Here’s another author from my Kidlitcon panel, which I’m posting from the airport on my way to Providence!
The Benefits of Being an Octopus by Ann Braden. Sky Pony Press, 2018.
Seventh grader Zoey mostly keeps her head down on the bus and at school. At home, she takes care of her three younger siblings while her mother works at a waitress at the pizza parlor. It’s her job to keep the kids out of the way her mother’s boyfriend Lenny and his father, who spends the day in his recliner smoking and watching angry news. She doesn’t have time for homework, and she feels it’s better not to raise expectations by doing it.
This resolve cracks when an especially kind teacher, Ms. Rochambeau, gives her the assignment to write about what animal she’d want to be. Doing this assignment leads Ms. R., herself a first generation college graduate, to convince Zoey to join the debate club, even though this involves making alternate arrangements for care for her younger siblings. This in turn starts Zoey on a path towards being able to label and combat some of the toxic behavior happening at home.
Meanwhile, her friend from the trailer park Silas is given a hard time by other kids on the bus for enjoying hunting, while her best friend Fuschia is dealing with an extremely unreliable mother. This sensitive book deals with a wide array of topics, ranging from attitudes about the rural poor to common ground talk about guns, domestic abuse, recognizing gaslighting, and the power of working together. That could feel like too much crammed into one book, but they all felt like issues that a kid in Zoey’s situation would really be dealing with. I was rooting for her all the way, and hope for more books from Ms. Braden.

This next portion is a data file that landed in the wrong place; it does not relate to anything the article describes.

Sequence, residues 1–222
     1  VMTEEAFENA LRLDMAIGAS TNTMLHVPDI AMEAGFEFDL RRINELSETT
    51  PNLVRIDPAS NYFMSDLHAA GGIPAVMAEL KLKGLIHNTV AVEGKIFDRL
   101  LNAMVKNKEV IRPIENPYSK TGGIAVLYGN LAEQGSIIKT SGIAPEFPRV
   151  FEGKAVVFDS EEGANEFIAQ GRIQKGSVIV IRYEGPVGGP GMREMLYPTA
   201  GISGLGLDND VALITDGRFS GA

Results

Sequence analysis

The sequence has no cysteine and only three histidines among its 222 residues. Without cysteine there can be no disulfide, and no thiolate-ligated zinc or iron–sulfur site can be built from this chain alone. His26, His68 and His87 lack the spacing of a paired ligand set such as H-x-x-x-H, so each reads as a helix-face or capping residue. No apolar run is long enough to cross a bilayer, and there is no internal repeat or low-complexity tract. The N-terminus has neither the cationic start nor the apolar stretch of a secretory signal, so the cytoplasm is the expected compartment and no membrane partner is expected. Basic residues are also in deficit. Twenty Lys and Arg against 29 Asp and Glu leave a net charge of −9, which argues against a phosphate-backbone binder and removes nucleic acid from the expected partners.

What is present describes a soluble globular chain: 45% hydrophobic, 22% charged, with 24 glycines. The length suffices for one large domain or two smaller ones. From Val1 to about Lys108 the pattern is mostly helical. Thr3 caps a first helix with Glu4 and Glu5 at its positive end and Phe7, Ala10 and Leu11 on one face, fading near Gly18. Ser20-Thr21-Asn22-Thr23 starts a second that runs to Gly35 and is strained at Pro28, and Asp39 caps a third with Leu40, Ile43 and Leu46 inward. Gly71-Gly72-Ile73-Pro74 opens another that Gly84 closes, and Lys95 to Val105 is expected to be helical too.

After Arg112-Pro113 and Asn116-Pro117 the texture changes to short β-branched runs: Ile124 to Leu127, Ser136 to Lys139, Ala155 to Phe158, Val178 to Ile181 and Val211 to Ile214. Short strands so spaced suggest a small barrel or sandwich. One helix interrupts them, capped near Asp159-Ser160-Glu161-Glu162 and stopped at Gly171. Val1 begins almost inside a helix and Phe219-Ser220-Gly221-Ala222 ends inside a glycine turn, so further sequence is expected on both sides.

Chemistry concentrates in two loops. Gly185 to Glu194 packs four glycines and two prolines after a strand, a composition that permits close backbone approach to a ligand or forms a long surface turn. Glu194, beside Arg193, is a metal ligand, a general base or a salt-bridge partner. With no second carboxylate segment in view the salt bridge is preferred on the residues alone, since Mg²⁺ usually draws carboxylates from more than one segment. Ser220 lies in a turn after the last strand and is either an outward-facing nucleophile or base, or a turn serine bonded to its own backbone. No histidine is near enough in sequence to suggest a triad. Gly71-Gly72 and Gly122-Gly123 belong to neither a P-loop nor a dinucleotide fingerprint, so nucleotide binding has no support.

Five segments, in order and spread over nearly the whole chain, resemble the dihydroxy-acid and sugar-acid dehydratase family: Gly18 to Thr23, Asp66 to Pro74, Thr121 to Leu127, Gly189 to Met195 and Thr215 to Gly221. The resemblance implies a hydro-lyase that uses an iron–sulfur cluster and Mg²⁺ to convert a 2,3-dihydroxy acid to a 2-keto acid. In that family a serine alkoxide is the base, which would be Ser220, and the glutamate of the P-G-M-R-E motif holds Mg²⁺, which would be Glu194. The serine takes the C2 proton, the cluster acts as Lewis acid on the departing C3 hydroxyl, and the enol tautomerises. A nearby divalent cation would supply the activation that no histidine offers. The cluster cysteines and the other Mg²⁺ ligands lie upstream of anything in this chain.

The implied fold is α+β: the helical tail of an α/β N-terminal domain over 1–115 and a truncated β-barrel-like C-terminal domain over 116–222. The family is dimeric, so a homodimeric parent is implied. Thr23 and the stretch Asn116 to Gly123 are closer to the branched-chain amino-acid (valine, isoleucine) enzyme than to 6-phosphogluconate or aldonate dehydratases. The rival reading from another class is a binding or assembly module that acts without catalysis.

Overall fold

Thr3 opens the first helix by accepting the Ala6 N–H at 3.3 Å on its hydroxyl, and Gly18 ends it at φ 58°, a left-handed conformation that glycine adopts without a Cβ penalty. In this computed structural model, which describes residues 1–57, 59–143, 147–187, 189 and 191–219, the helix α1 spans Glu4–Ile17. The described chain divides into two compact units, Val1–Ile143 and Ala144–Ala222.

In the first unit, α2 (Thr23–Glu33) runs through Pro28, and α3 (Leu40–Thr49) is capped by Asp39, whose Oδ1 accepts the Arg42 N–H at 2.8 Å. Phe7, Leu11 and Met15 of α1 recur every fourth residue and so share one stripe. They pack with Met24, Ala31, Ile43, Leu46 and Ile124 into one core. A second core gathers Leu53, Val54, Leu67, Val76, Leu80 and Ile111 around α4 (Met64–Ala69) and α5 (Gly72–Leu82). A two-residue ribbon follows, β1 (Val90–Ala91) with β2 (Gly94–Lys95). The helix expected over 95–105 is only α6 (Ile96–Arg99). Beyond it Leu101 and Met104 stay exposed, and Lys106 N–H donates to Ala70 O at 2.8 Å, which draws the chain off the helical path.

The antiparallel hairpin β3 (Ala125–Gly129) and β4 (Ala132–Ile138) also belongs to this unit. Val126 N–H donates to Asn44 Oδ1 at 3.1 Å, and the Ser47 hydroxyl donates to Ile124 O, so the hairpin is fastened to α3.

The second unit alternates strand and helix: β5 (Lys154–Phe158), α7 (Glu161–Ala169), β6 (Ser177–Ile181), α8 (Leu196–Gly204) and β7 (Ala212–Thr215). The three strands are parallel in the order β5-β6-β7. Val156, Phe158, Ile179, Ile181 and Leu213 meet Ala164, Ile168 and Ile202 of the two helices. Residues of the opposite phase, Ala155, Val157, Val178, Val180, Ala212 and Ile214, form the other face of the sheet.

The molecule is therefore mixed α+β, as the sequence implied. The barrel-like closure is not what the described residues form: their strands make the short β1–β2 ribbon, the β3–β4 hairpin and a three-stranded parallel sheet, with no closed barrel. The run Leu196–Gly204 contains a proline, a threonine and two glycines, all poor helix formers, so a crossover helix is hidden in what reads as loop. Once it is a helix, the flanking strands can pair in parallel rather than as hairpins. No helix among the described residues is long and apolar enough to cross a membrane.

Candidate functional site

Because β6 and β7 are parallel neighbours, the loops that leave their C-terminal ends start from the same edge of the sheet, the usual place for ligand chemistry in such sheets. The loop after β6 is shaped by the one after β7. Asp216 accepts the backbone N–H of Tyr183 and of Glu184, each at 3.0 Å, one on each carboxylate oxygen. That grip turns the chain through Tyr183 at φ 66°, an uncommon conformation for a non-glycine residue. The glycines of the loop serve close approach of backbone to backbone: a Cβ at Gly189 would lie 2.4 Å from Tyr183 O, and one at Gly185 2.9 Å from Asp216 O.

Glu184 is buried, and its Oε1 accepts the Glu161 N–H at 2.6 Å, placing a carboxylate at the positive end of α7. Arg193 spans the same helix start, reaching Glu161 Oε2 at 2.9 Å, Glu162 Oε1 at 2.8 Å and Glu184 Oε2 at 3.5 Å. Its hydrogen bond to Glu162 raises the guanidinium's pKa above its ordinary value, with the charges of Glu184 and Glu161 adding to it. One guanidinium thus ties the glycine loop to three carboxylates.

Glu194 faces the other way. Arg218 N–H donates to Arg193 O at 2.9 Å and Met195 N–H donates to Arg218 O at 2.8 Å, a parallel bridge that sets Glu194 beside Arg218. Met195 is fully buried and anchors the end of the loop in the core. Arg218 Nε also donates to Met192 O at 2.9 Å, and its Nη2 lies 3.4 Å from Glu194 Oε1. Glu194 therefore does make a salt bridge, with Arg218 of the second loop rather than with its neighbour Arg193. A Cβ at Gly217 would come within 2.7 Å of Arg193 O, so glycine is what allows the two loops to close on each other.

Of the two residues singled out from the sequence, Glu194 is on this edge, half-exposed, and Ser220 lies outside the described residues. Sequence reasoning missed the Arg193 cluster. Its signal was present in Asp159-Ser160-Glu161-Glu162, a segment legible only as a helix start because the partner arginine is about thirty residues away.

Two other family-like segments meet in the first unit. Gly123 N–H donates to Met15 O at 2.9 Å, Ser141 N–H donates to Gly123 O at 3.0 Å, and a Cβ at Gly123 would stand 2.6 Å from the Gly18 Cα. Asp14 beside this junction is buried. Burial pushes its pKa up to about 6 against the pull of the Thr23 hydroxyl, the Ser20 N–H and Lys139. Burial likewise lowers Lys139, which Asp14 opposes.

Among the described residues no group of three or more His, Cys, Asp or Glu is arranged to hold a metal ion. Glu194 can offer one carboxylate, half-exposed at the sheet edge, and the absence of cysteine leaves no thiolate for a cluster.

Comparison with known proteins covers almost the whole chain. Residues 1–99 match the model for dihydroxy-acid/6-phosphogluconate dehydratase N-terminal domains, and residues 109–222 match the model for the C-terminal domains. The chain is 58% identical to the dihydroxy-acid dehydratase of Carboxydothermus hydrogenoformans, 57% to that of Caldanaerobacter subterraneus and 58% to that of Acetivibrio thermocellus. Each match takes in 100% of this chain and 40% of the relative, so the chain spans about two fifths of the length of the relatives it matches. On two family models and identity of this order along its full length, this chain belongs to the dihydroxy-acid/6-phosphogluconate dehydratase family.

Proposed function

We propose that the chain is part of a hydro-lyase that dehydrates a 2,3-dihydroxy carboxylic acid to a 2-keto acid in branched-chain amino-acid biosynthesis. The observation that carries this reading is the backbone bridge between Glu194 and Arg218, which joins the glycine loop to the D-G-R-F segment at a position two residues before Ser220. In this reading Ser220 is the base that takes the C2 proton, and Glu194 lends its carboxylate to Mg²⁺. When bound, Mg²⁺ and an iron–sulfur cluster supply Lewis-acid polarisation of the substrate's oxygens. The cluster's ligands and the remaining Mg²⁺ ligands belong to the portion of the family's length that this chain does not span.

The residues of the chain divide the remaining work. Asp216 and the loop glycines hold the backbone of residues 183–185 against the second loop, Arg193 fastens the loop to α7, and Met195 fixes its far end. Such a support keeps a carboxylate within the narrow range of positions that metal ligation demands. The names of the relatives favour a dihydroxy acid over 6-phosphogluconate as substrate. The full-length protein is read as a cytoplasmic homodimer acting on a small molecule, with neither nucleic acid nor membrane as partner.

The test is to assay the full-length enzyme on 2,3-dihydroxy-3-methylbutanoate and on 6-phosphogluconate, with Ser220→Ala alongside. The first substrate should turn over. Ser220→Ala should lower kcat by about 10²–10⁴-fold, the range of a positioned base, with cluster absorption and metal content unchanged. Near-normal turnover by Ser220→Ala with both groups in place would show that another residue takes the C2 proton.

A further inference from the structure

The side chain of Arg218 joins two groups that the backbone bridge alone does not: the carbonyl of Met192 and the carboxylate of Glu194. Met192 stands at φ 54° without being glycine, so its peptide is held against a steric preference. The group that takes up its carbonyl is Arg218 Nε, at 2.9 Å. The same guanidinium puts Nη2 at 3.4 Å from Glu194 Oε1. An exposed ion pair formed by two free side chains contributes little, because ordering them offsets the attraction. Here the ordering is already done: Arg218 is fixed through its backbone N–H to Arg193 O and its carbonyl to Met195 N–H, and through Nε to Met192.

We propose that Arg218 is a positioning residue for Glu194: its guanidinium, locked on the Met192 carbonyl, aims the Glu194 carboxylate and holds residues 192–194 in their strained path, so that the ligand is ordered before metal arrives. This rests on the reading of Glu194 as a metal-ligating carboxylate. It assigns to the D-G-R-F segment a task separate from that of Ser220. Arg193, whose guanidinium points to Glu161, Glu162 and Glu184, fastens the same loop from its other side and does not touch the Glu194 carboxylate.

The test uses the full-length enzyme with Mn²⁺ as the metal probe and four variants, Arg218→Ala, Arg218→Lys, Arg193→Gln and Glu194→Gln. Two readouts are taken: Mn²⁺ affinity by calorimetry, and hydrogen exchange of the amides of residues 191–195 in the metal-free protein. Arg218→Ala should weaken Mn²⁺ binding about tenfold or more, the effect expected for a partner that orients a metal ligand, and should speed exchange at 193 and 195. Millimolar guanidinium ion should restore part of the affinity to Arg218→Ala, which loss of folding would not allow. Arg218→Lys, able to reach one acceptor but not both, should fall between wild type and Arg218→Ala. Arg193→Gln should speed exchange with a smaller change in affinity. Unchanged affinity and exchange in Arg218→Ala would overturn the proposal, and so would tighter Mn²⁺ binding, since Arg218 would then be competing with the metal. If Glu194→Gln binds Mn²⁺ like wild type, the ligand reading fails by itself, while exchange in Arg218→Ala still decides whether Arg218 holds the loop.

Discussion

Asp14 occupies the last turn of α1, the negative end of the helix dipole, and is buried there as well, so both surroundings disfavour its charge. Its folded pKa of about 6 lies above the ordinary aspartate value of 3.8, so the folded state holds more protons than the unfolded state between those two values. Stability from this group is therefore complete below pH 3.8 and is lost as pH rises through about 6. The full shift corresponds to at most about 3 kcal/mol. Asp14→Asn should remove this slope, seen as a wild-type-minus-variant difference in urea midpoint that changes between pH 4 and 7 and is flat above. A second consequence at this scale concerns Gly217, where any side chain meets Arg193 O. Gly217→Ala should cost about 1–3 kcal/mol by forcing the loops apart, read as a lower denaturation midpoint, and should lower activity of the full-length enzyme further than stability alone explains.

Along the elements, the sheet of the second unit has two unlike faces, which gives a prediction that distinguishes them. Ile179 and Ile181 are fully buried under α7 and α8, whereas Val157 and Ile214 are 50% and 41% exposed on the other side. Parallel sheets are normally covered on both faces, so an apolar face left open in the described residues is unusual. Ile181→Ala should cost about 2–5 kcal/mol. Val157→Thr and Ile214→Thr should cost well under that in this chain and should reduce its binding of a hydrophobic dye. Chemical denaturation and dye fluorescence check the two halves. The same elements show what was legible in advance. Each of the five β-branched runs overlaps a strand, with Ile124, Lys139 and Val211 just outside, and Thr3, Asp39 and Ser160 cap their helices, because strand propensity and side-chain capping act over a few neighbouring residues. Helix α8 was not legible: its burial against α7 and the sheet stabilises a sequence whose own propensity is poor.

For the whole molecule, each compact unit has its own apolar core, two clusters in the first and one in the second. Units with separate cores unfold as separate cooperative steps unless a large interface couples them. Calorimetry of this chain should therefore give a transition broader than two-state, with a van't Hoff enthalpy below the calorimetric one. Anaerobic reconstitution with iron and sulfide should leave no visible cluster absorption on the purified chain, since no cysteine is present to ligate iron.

Also on this panel are Paula Chase, author of So Done; Barbara Dee, author of Star Crossed and the upcoming Maybe He Just Like You, among many others; Varian Johnson with The Parker Inheritance; and Jo Knowles with the upcoming Where the Heart Is.